If you're actually paying more attention to football and not the Super Bowl commercials on Sunday, you'll be getting the best TV announcing crew of the 2011 NFL season.
The bonus of NBC coverage – no, not Bob Costas's hair colour – will be the team of Al Michaels and Cris Collinsworth calling the shots from the booth.
The two conference championship games on CBS and FOX on Jan. 21 might have been the worst-called major sporting events by network crews. Missed calls, no insight and a general haste to jam in network promos made the CBS team of Jim Nantz and Phil Simms almost unwatchable/unlistenable. On FOX, Joe Buck and Troy Aikman were only marginally better. (When you yell, "Can't you see that?" at the TV more than five times a game, the network has a problem.)
Michaels is the Maserati of play-by-play guys. There's no creepy Buck/Aikman welcome-to-the-booth/boys-in-the-tree-house feel when the veteran calls a game. He modulates, knows when to get excited and when to shut up. If you play a favourite sports moment back in your head, it's probably Michaels's voice you hear, whether he called the game or not.
Collinsworth can get a little verbose, but, as opposed to Aikman or Simms, his patois seems real and his homework is generally impeccable. He passes the test as the "guy you'd like to have a beer with and watch the game." Granted, NBC only had Sunday nights to call this NFL season, unopposed by other games, but they were the unquestioned leaders in the field.
In addition, NBC has the best sideline reporter in Michele Tafoya, a terrific studio host in Dan Patrick, a capable analyst in former New England Patriots safety Rodney Harrison … and we're looking for something nice to say about analyst/former coach Tony Dungy, but words fail.
SELL SELL SELL
It's too bad AMC's Mad Men, about 1960s Madison Avenue, won't get the chance to tackle the Super Bowl file. The marketing opportunities of the title game only gained traction in the 1970s, rising to the fever pitch the NFL now enjoys.
The event began in 1967 as a football game, but that was too simple a brief for the marketing men like Don Draper. Now, the game is subsumed by a marketing monolith where commercials and promotion are the headline performers. The Patriots and New York Giants this weekend will be a warm-up act for massive product branding. (Look out below, Naomi Klein.)
Using satellite radio, one could follow the blunt marketing behemoth as it marched its spokesmen through a production line of programs and networks this week. Story angles were shoved aside in place of former football worthies thinly disguised as hucksters for a branded product looking to use the Super Bowl as a springboard.
ESPN, the mighty American all-sports cable channel, didn't even bother to disguise the product placement, running players such as Brett Keisel, a spokesman for Head & Shoulders, through every one of its programs in sequence through the day. (ESPN folk call this the "car wash.")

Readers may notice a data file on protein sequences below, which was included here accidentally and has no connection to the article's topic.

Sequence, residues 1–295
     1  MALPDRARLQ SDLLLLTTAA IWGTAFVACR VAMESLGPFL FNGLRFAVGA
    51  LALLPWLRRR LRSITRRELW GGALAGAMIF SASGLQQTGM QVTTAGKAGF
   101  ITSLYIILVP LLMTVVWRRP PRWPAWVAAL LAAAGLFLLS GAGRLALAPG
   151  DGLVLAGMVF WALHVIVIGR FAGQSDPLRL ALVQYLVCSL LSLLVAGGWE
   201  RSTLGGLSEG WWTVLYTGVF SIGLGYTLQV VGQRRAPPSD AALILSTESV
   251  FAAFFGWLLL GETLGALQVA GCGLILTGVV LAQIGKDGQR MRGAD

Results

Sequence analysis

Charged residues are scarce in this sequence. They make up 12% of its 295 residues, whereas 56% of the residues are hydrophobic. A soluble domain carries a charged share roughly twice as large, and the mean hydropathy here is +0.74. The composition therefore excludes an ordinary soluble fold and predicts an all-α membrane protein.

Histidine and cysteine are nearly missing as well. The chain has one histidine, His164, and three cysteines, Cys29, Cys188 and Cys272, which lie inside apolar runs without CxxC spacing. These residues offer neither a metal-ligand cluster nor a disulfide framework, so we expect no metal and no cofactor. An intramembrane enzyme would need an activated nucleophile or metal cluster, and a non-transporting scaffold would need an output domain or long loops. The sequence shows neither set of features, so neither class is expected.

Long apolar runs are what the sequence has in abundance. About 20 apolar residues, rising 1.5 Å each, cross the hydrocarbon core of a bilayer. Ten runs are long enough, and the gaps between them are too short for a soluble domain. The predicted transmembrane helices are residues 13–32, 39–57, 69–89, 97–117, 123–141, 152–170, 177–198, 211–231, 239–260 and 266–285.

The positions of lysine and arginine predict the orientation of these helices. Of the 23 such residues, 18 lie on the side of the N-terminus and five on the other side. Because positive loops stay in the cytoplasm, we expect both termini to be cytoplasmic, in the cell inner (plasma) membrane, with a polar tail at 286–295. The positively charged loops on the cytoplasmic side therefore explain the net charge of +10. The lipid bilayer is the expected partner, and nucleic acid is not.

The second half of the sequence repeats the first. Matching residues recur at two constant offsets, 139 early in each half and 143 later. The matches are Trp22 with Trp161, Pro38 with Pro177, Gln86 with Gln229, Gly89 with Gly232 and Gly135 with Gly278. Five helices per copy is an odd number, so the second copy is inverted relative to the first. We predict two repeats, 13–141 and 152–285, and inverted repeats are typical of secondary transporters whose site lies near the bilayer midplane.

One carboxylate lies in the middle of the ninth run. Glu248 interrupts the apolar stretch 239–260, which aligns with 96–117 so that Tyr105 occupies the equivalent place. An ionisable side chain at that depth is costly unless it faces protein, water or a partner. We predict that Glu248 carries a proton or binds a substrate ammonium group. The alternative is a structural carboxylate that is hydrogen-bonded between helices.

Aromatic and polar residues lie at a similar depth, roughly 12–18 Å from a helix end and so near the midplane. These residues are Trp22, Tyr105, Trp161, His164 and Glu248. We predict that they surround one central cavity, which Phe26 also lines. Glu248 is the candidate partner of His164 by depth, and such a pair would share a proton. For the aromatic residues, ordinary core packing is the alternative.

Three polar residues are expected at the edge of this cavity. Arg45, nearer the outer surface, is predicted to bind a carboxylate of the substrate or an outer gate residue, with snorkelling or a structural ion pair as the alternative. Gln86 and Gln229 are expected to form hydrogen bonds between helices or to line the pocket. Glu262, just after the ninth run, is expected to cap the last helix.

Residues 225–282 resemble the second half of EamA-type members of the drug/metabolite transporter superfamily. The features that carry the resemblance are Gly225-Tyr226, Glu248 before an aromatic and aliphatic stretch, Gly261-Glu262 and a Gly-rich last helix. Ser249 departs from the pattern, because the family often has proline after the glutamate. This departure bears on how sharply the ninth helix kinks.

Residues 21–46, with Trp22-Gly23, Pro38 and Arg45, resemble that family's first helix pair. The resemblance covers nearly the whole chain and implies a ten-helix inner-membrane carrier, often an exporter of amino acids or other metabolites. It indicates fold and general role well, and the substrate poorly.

Keisel has played in Super Bowls for the Pittsburgh Steelers but he was principally on air to flog shampoo, shepherded from show to show by a minder as he talked about his famous beard and its appearance in a TV ad.
And so it goes with America's biggest shill-fest. It's the pigskin version of Las Vegas, as brands are leveraged to the hilt in a virtual supermarket. Even 50-ish singer Madonna, former iconoclast, goes corporate this weekend as she performs at halftime. (Most NFL owners are geezers in their 80s and 90s, so Madonna is probably a hip young thing by their standard.)
What helped to turn this corporate tide was the advent of the Super Bowl commercial.
Mad Men-like efforts of the past are now as fondly remembered as touchdown throws and missed field goals in Super Bowl lore. Perhaps the Olduvai Gorge moment featured Steelers defensive tackle Mean Joe Greene in 1980 shilling for Coca-Cola, tossing his soiled jersey to a tow-headed waif.
Because anything worth doing in commercials is worth ruining, Mean Joe is back this year, flogging for Downy fabric softener with comedian Amy Sedaris in a piece so brazen you have to admire its chutzpah.
Already this week, we've had other lengthy glimpses of commercials that will run Sunday. Both the Honda and Acura commercials are, like the Mean Joe spot, retro efforts as actor Matthew Broderick pillages his Ferris Bueller's Day Off legacy while comedian Jerry Seinfeld rummages up his "Soup Nazi" past to move a few cars (the cameo by The Tonight Show host Jay Leno is the funniest he's been in 20 years).
There will be plenty more, many of which Canadians, in another Super Bowl tradition, will not see as host broadcaster CTV inserts its own commercials.
For those living near a American-border city, you can watch the U.S. feed on bunny ears, but for the rest of us huddled north of the frontier, it will be Internet peeks or waiting till Monday to see what the shilling fun was about.
Why we should feel compelled to break CRTC regulations to see TV commercials is a question for deeper thinkers than Usual Suspects. But stolen fruit – even stolen retro hucksterism – still tastes sweeter.